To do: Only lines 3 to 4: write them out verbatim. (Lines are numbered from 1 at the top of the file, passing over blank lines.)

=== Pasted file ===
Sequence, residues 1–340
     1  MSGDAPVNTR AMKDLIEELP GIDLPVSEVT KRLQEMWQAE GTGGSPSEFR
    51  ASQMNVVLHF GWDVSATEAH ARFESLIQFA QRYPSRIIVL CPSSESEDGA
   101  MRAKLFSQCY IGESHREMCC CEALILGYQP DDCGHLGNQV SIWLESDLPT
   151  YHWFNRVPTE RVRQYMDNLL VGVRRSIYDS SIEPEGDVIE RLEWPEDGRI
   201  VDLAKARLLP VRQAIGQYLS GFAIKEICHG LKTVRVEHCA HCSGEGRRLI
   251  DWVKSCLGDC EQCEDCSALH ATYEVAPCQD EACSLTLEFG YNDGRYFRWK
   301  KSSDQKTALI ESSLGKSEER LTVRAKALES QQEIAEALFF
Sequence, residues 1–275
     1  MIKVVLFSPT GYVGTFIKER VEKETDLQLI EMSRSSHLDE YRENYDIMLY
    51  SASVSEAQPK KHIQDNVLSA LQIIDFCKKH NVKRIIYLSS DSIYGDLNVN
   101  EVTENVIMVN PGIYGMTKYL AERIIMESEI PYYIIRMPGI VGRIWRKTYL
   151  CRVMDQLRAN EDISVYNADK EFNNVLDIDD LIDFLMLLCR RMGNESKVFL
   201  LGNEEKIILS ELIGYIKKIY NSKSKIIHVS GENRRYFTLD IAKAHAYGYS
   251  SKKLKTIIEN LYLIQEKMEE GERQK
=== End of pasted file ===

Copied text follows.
    51  ASQMNVVLHF GWDVSATEAH ARFESLIQFA QRYPSRIIVL CPSSESEDGA
   101  MRAKLFSQCY IGESHREMCC CEALILGYQP DDCGHLGNQV SIWLESDLPT